228 research outputs found

    Full nitrogen recovery and potable water production from human urine by membrane distillation

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    Human urine offers some interesting possibilities for ammonia and potable water recovery. Membrane distillation holds possible advantages over existing urine treatment technologies, specifically regarding ammonia recovery. It was shown that up to 95 m% of all ammonia present in hydrolyzed urine could be recovered by increasing the urine pH to 10.5 or higher within a period of 2 hours, with a maximal separation factor of up to 16. The possibility of potable water production was investigated in human urine by assessing the permeate water quality, maximum recovery and mid-term process stability. It was shown that at least 75% of the available water could be recovered from non-hydrolyzed human urine without process failure. As such, membrane distillation is a viable alternative for existing urine treatment

    Influence of osmotic energy recovery/osmotic dilution on seawater desalination energy demand

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    Supplying fresh, potable water to an ever increasing world population is becoming a major challenge. One possibility is to produce fresh water from seawater by Reverse Osmosis (RO), a process that is very energy intensive. To reduce the energy demand of this process, osmotic dilution (OD)/osmotic energy recovery (OER) systems can be used as pre-treatment. Both Reverse Electrodialysis (RED) and Pressure Retarded Osmosis (PRO) and their non energy-producing counterparts short-circuited RED/ Forward Osmosis (scRED/FO) and assisted RED/FO (ARED/AFO) were modelled as OD/OER devices for RO, in a thermodynamic way. Different mixing ratios of impaired versus salt water (0.5, 1 and 2) were compared at a realistic RO recovery of 50%. A realistic approach for the RED/PRO-RO hybrid process was also modelled incorporating some major losses, to gain a more realistic insight into its possibilities. The thermodynamic modelling revealed that a significant reduction of the SEC is possible with all hybrid processes. The reduction in SEC is less for the non energy-producing systems, but these have the added advantage of requiring a lower membrane area to achieve a similar extent of seawater dilution. From preliminary results of the more realistic modelling, it seems that RED-RO scores better when losses are incorporated. Further thermodynamic and realistic modelling will focus on different RO recoveries, capital cost calculations based on membrane requirements and sensitivity analysis of the different parameters implemented

    Spectroscopic determination of water salinity in brackish surface water in Nandoni Dam, at Vhembe District, Limpopo Province, South Africa

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    The problem of limited water supply in the Vhembe District (Limpopo Province, South Africa) is exacerbated by a preponderance of dissolved salts, which cause disagreeable taste and odour in the water as reported by the communities using this water for drinking. The water treatment plant that supplies the treated water to the communities in the District sources this raw water from the Nandoni Dam at the Luvuvhu river catchment. There are no scientific studies that have been reported in the literature that focused on determining the levels of water salinity from various water sources in the municipalities of the District. Water samples from various sites across the Nandoni Dam, a primary source of domestic water supply in the region, were collected through each season over a period of twelve months in order to ascertain the concentrations of dissolved salts in the dam. Onsite analyses of the water samples were conducted using the YSI ProDSS multimeter, while the laboratory water analyses were conducted using the spectroquant and atomic absorption spectrometers. Although salinity tests seem to indicate that the water sampled across most of the Nandoni Dam is brackish during all seasons of the year with the highest being 750 mg/L, water samples from the dam mid-outlet and the treatment plant are slightly below the World Health Organization (WHO) brackish water bracket of 500 mg/L with unfavourable taste for drinking. Results from this study indicate that the water sourced from the Nandoni Dam is not suitable for human consumption and therefore requires integrated water resource management, as well as robust and cost-effective water desalination treatment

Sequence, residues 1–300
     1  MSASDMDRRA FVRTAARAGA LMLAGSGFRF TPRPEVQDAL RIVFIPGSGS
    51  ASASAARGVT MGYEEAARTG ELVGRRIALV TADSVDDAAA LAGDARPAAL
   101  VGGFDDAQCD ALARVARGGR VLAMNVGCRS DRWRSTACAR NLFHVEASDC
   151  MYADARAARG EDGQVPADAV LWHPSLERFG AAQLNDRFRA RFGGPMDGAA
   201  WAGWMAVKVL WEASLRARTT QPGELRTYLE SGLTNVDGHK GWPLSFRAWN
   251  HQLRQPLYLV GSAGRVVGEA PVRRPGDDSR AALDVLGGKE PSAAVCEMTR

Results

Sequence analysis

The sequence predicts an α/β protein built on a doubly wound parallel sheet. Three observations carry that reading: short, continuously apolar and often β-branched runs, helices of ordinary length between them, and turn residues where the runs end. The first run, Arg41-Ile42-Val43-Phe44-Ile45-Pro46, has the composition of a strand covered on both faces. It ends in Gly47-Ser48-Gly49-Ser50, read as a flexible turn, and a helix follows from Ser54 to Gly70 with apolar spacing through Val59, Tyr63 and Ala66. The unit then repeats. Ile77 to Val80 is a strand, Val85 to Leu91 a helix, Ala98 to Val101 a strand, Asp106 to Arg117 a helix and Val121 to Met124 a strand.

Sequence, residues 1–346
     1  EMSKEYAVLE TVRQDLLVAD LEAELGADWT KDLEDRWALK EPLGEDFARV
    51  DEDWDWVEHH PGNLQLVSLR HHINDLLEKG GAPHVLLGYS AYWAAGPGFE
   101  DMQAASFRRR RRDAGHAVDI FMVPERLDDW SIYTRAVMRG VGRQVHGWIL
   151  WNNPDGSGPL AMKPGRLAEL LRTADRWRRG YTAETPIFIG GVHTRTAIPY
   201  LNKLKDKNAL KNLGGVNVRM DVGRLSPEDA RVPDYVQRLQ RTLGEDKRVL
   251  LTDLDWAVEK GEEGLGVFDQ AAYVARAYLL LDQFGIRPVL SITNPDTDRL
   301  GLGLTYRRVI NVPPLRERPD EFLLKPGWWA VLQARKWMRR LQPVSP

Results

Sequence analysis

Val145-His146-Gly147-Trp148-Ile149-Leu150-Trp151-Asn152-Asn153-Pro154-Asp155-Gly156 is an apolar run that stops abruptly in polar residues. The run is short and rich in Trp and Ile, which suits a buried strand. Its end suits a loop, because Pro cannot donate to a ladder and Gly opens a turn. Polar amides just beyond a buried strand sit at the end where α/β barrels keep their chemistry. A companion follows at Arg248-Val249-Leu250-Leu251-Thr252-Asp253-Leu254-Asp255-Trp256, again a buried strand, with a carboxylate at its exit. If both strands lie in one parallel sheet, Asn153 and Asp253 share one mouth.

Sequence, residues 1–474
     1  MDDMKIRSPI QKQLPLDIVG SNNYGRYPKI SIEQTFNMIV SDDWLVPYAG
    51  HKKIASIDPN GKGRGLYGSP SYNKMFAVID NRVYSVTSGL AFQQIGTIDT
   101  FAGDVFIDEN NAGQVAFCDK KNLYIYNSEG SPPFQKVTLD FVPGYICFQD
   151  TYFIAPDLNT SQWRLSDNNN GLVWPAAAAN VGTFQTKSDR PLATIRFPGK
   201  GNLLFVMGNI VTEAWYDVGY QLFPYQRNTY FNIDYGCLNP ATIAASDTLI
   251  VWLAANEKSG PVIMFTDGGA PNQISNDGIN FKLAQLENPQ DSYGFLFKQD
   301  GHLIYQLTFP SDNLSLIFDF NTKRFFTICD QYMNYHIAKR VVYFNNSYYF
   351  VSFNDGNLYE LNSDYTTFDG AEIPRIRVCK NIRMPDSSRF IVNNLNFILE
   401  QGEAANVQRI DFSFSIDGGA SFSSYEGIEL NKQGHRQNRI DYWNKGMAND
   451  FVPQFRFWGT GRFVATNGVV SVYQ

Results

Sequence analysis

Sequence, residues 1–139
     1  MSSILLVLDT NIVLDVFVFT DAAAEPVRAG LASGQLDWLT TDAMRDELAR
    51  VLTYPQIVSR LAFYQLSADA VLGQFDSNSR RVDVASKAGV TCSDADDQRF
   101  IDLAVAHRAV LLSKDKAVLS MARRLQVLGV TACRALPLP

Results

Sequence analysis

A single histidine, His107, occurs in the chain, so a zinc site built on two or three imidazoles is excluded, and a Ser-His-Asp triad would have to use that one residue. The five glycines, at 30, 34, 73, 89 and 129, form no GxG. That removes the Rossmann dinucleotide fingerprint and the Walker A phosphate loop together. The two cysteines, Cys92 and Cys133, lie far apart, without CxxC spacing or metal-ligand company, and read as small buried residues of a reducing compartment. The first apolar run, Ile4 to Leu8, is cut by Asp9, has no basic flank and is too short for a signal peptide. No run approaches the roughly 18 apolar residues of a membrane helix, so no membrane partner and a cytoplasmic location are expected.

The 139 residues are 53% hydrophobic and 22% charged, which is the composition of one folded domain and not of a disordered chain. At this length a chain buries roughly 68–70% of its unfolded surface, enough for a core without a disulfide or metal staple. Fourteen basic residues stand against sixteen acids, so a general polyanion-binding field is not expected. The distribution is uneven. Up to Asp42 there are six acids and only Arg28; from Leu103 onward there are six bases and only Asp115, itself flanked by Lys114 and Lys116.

Assisted reverse electrodialysis : a novel technique to decrease reverse osmosis energy demand

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    Assisted reverse electrodialysis (ARED) was introduced as a pre-desalination technique for seawater reverse osmosis (RO) for drinking water production. ARED is comparable to an additional applied pressure along the osmotic pressure in pressure assisted osmosis; a small voltage is applied in the same direction as the open cell voltage to increase the desalination speed compared to reverse electrodialysis (RED). This decreases the required membrane area. The concentration of the dilute compartment increases significantly during ARED operation due to the increased speed of desalination. This results in an overall decrease in total cell resistance. Although the energy demand for ARED is higher than for RED, the ARED-RO process still achieves a decrease in overall energy requirements at higher RO recoveries when compared to stand-alone RO. However, ion-exchange membrane prices will have to come down to 1-10 €/m² for the ARED-RO hybrid to become economically viable at current energy prices
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